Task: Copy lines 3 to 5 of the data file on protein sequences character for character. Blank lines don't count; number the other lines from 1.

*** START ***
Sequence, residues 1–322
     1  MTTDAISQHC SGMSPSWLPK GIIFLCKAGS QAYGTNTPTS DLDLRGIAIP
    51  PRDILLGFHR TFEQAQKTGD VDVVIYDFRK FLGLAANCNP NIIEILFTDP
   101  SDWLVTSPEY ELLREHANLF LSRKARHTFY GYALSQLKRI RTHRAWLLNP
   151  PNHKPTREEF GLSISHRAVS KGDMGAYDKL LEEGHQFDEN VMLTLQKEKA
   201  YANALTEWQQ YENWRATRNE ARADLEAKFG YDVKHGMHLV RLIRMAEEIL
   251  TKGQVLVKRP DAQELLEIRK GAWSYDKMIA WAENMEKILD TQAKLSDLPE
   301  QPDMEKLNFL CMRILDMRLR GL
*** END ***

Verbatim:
    51  PRDILLGFHR TFEQAQKTGD VDVVIYDFRK FLGLAANCNP NIIEILFTDP
   101  SDWLVTSPEY ELLREHANLF LSRKARHTFY GYALSQLKRI RTHRAWLLNP
   151  PNHKPTREEF GLSISHRAVS KGDMGAYDKL LEEGHQFDEN VMLTLQKEKA